I would like to model rain hitting a surface and then running off of the surface. The surface would be a square, such as a slab of concrete, and the concrete would not be at any angle, so the rain would run off of all sides equally. This is a starting point for a small research project I am doing, and I'm not sure if my differential equations are right. Any help would be great.(adsbygoogle = window.adsbygoogle || []).push({});

Further information: The rain is falling at a constant rate. The ground surrounding the concrete has an unlimited capacity for rain. I am assuming that the concrete is initially fully saturated, so none of the rain will be absorbed into the concrete. I am also assuming that the rain is only falling on the concrete, not the surrounding ground.

[itex]\frac{dP}{dt}[/itex]=c-g

[itex]\frac{dG}{dt}[/itex]=p

[itex]\frac{dP}{dt}[/itex] is the rate of change of water on the pavement.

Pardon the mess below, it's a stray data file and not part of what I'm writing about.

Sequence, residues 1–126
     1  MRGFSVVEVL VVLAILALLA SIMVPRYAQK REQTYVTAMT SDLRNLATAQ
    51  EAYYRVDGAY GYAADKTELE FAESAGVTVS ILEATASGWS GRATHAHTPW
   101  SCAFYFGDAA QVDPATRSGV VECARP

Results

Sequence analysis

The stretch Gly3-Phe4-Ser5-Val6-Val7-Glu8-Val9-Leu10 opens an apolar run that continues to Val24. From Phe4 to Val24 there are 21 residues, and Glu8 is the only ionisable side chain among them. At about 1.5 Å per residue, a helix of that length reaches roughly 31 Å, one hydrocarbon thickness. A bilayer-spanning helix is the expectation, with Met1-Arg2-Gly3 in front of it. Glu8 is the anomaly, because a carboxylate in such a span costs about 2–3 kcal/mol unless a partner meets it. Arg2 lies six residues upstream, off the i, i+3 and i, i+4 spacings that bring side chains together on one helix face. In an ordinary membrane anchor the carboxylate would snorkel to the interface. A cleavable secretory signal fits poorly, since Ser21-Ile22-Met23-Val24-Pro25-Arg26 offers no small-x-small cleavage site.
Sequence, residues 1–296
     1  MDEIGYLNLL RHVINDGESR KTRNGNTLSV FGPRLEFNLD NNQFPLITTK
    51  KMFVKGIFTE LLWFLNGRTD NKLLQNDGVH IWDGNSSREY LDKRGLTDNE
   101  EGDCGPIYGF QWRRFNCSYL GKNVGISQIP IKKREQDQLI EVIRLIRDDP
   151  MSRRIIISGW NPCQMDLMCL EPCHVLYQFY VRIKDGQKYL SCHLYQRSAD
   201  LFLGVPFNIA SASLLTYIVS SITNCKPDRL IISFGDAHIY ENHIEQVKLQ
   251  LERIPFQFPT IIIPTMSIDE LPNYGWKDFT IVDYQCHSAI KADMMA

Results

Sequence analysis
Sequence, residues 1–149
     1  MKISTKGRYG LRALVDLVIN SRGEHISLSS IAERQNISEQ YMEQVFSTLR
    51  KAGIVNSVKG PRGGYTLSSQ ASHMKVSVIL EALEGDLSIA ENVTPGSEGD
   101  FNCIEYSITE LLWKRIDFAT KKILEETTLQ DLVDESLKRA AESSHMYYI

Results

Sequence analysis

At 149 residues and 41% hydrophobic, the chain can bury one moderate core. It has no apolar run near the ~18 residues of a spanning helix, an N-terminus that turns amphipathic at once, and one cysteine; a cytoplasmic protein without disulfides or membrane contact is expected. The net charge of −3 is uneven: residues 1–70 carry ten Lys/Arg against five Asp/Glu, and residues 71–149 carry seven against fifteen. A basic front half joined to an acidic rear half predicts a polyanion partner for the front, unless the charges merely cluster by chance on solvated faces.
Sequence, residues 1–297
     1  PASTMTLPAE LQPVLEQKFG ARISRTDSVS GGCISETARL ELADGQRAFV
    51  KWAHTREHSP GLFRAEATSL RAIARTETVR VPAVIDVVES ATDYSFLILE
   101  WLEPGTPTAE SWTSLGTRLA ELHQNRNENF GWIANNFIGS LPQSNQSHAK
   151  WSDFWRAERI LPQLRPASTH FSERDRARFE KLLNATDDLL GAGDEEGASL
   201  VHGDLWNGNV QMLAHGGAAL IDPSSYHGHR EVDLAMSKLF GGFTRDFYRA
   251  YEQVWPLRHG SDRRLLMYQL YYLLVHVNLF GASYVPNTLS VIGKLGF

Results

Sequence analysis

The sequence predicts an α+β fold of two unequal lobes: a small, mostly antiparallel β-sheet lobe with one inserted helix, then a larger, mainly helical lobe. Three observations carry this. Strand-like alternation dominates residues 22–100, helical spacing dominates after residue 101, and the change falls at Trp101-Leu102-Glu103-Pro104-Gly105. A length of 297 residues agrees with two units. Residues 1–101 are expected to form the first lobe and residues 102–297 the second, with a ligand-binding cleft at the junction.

[itex]\frac{dG}{dt}[/itex] is the rate of change of water on the ground

c is the constant rate of rainfall.

g is the constant flow of water from the pavement onto the ground.

p is the rate at which water is flowing onto the ground.

Now that I think about it, g must equal p. So my new differential equations would be:

[itex]\frac{dP}{dt}[/itex]=c-g

[itex]\frac{dG}{dt}[/itex]=g

Does this look right? Thanks

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# Modeling Rain Hitting Surface

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